17. Don’t focus on huge numbers
In fundraising, one is greater than 21 million. “The human brain does not know how to deal with giant numbers. We only know how to respond emotionally to small numbers,” Brooks said. “People don’t give to a problem because it’s big; they do it because they think they can solve it.”
Focus your need to one story, one person in need, how your gift can save a life. That way, the donor believes his or her gift can and will actually help solve the problem, not that it’s a hopeless effort.
18. Make the letter longer
“Longer copy works better,” Brooks said. “We don’t really know why, but it works.”
19. Design is boring
Don’t focus on fancy designs and intricate fonts. People want to be able to read your letter. Plain, black type on white paper works the best, in readable fonts. Don’t get fancy. It’s all about readability.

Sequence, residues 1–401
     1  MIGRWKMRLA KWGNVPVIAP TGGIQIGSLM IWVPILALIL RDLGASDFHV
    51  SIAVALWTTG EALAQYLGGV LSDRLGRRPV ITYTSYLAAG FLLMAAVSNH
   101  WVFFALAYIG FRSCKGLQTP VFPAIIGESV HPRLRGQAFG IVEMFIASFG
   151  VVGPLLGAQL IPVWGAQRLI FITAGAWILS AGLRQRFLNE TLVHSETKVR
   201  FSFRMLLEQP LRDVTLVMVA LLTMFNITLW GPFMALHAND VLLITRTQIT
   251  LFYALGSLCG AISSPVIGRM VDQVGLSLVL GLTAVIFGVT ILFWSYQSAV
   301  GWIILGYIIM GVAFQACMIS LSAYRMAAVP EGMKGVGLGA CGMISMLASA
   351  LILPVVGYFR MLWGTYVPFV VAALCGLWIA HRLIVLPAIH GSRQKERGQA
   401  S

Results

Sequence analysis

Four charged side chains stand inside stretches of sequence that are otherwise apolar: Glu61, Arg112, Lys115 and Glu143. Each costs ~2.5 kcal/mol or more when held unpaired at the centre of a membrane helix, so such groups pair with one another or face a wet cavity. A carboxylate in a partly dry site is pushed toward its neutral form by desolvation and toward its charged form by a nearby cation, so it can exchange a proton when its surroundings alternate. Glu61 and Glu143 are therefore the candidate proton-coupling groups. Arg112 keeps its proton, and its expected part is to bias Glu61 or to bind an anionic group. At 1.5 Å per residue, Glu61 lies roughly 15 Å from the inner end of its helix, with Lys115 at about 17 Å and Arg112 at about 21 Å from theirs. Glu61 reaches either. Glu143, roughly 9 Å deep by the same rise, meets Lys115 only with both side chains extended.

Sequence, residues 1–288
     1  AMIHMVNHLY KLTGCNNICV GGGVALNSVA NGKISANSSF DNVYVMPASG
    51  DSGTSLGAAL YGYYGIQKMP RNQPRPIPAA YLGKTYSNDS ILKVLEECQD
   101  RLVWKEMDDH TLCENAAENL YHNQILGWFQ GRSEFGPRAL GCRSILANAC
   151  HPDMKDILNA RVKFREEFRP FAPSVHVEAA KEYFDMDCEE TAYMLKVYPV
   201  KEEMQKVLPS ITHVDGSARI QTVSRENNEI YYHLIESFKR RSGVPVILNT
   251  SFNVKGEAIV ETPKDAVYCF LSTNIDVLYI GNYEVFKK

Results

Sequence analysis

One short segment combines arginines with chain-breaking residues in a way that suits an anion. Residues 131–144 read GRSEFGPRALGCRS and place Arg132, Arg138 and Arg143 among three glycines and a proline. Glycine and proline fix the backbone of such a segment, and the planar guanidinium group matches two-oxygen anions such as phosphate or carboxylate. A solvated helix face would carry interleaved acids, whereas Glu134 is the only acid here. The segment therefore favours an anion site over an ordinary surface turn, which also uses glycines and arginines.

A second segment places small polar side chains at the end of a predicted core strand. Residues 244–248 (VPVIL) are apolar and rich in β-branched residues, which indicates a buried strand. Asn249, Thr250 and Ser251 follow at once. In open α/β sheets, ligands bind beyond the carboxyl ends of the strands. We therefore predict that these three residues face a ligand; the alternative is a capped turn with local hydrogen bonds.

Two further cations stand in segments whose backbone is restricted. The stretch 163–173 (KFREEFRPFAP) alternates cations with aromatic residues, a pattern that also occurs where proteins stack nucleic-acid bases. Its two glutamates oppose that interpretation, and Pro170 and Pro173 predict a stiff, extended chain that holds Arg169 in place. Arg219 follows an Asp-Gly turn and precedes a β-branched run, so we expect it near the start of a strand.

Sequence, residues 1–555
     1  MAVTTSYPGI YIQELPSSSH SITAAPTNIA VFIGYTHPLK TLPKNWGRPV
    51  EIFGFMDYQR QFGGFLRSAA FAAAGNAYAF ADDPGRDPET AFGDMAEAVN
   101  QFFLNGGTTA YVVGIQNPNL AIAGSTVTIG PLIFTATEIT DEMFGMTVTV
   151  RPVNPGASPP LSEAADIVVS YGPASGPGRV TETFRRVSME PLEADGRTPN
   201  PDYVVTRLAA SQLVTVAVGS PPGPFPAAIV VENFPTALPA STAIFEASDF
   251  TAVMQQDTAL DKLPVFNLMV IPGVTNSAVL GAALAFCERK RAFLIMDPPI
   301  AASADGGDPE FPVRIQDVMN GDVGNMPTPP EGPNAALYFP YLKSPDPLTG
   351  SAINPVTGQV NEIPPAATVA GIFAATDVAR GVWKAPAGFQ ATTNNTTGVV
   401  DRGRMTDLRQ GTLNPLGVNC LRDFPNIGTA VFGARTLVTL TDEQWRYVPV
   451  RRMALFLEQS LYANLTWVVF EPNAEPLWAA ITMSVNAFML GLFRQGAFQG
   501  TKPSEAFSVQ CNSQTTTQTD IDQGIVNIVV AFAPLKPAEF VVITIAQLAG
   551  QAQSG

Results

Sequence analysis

20. Get rid of the teaser
“Most teasers are bad, and it’s really hard to do one,” Brooks warned. However, he urged fundraisers to test this. In fact, he admitted, “the really, really big winners usually do have a teaser.” Trick is … it has to be a good one.
21. Put a live First Class stamp on the return envelope
It boosts response, but at some level, it’s not worth it, Brooks said. If someone gives less than $100 a year or so, or wherever your organization’s cutoff point is, it may not be worth it.
22. Write at a sixth-grade reading level
That doesn’t mean write as if you’re writing to a sixth grader. It means things like using short sentences and short words. Make it easier to read. It’s all about lowering the pain and struggle level for your donors, Brooks said.